Natives are not just great in the ground, they’re also showstoppers in containers and combinations. The biggest trend right now is that breeders are starting to take notice, too. They’re working more with natives by making natural selections for high ornamental value.
For a long time, natives suffered under the stigma and generalization as only being grasses the municipality used to restore a prairie on the side of a highway. But one of the best things about using today’s natives is that often you can’t tell they are natives. Meaning, these aren’t Laura Ingalls Wilder's prairie grasses!
Today’s natives beautify the space but don’t require compromising the natural environment. They’re often unexpected, like a swath of Muhlenbergia c. 'Fast Forward,' fully blooming in July, or Panicum 'Ruby Ribbons' in a stand-alone pot.
Today’s natives don’t just look different; they are different. But it’s not just in the way they’re selected. It’s in the way you use them. Natives have a far bigger potential than the sweeps and masses they’ve been known for. So how do you get the most out of natives in containers?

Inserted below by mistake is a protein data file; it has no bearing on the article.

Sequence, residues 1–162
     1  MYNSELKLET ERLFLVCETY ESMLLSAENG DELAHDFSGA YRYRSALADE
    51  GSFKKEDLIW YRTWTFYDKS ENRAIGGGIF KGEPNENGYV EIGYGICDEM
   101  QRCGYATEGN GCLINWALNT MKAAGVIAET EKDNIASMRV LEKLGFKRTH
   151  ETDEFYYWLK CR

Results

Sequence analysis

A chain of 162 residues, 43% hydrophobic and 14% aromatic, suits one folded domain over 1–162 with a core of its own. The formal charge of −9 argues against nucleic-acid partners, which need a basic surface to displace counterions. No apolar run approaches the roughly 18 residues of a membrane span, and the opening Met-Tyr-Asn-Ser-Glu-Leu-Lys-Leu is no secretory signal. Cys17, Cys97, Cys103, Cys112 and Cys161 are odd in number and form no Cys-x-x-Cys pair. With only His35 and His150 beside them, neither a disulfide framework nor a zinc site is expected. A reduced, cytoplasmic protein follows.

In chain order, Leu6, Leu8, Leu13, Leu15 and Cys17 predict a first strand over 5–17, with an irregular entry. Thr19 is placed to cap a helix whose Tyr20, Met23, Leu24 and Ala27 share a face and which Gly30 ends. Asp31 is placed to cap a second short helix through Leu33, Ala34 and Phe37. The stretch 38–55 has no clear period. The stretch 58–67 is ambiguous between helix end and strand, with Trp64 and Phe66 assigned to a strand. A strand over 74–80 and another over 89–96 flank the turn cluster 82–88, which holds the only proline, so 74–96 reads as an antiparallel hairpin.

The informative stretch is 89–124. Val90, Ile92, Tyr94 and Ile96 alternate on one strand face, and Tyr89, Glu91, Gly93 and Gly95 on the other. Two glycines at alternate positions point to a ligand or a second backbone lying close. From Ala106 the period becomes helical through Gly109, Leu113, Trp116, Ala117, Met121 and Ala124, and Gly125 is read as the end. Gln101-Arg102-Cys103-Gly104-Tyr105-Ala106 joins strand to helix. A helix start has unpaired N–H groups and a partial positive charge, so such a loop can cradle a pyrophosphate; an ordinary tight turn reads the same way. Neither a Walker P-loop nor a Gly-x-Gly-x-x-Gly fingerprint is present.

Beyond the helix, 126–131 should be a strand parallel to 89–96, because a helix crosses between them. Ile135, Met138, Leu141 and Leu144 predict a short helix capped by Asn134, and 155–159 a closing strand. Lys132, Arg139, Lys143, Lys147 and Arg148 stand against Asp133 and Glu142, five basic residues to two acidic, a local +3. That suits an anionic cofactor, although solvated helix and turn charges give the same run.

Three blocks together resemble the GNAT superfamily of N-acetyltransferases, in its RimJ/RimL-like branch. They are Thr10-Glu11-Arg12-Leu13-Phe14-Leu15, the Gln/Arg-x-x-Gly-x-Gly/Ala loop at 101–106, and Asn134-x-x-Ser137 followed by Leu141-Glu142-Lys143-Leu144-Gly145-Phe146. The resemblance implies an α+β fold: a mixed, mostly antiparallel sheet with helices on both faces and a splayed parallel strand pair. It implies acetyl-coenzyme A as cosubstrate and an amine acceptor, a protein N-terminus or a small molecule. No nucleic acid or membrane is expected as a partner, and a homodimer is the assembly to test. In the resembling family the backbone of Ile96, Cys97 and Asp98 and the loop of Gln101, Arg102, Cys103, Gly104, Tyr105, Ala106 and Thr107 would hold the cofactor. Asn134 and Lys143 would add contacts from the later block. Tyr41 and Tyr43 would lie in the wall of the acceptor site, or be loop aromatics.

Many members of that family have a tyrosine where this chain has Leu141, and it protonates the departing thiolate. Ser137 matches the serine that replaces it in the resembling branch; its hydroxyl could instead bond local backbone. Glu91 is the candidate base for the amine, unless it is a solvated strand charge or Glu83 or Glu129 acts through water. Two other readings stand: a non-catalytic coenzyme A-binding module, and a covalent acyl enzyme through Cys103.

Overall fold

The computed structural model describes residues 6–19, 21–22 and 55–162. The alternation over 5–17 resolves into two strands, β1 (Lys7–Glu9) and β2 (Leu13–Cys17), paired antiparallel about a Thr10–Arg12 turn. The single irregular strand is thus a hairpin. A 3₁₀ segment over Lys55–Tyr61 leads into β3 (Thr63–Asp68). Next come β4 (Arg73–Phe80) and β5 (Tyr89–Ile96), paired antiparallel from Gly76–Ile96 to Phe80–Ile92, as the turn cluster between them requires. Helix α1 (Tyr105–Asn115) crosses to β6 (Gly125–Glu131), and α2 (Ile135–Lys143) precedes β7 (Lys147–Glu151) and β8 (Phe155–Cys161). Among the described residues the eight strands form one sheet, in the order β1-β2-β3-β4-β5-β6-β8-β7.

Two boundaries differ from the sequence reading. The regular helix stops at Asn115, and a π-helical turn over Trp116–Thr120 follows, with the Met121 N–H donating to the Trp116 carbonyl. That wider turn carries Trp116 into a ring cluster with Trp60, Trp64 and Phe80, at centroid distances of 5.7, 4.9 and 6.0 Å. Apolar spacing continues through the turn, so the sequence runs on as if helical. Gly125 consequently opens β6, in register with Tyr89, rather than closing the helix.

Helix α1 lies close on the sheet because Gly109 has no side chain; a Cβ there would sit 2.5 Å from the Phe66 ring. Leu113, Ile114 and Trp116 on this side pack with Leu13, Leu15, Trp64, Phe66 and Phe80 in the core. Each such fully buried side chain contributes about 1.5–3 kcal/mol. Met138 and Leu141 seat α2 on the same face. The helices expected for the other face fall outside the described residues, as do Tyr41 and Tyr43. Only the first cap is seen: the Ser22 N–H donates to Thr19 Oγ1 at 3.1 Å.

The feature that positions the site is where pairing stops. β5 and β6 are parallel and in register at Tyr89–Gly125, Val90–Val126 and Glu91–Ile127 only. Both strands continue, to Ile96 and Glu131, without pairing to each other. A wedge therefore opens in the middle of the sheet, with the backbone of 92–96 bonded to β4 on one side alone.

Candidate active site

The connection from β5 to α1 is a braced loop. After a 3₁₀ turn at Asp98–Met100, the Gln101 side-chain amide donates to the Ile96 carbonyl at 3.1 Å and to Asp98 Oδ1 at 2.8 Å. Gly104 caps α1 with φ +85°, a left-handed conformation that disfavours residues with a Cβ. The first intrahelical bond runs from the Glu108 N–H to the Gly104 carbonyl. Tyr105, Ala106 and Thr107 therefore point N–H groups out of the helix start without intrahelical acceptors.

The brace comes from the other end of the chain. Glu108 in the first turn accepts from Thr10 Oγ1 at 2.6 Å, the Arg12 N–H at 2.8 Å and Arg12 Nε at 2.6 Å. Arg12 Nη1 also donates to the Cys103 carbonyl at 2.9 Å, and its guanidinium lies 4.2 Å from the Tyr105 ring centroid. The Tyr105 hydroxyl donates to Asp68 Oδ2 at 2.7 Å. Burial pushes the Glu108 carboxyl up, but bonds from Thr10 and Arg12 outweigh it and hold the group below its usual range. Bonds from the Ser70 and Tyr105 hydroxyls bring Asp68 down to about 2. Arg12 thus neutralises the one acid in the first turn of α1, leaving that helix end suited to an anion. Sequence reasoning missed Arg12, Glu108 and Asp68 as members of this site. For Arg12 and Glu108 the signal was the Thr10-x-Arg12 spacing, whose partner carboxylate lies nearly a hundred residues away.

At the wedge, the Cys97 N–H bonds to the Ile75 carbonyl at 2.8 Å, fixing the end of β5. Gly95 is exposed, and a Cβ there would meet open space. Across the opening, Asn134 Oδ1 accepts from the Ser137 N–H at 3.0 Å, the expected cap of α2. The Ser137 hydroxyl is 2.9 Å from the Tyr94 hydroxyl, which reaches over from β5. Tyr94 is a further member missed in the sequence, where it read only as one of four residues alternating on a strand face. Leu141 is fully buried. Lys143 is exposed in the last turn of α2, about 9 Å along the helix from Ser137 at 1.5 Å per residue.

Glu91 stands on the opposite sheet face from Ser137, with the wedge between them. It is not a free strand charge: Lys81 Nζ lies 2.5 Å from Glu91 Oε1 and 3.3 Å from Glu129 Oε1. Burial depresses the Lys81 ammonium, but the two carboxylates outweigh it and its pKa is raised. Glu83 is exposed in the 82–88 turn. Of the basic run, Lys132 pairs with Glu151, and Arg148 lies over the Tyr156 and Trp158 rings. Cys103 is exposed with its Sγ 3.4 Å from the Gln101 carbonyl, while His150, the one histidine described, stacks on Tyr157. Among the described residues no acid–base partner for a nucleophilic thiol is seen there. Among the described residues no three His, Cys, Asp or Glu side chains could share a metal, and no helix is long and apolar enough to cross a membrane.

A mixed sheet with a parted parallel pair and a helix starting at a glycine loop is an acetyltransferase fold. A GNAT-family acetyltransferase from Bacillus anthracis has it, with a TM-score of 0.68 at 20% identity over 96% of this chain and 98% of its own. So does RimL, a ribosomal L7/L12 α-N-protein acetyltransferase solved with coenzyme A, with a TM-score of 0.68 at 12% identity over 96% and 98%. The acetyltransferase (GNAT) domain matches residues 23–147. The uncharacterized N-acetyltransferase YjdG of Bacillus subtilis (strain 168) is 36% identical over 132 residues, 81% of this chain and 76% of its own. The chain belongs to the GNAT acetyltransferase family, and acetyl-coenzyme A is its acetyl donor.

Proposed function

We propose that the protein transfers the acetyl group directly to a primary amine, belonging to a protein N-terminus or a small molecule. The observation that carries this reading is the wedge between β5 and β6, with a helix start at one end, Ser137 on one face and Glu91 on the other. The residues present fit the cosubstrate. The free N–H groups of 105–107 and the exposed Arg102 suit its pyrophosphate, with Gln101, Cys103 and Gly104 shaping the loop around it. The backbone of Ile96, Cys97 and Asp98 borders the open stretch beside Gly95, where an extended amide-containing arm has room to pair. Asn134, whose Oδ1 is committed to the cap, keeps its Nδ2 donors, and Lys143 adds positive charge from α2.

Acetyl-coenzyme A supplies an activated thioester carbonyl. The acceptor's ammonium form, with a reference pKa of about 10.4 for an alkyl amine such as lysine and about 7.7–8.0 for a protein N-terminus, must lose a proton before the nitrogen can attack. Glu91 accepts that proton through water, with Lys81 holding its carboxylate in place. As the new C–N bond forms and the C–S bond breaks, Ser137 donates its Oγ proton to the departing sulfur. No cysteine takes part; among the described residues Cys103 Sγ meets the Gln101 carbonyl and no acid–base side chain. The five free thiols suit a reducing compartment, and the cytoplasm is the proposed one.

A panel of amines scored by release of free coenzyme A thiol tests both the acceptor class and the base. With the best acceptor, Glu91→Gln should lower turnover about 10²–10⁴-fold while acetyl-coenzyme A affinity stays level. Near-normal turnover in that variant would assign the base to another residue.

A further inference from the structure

5 design principles
Great container gardens start with five principles for great design. Put them to work before you put any combo together, and you’re on the road to a winner.
1. When choosing the container, first decide where you’re going to place it. Full sun or shade? Protected from elements? Will it be a focal point or one in a grouping?
2. Use grasses for texture, form and color.
3. Add flowering perennials for color, fragrance and utility.
4. Choose the correct size pot for plantings. I almost always choose my plant combo first, and then select the pot.
5. Finally, choose your color scheme. Are you going for bold contrast (such as orange and purple, fuchsia and yellow), harmonious color (like pastel blues and pinks) or monochromatic impact (pairing whites and greens for example)?
4 container trends
Try incorporating natives into some of today’s hottest container trends for a double whammy of impact and interest.
1. Use native plants — they are their own trend and can stand alone.
2. Mix bold/vibrant colors — yellows/reds/vibrant purples, black and white, etc.
3. Add fragrance
4. Create “micro-eco systems” — butterflies/hummingbirds, edibles like veggies and herbs, children’s sensory gardens or fairy gardens
In addition to natural beauty, the real fun and potential of natives comes with their lack of rules—use them in unexpected ways and pair them with plants that bring out their best. They offer great things for containers, and retailers can capitalize on the potential!
Pamela Straub is the in-house designer for Emerald Coast Growers, one of the country’s largest liner producers. www.ecgrowers.com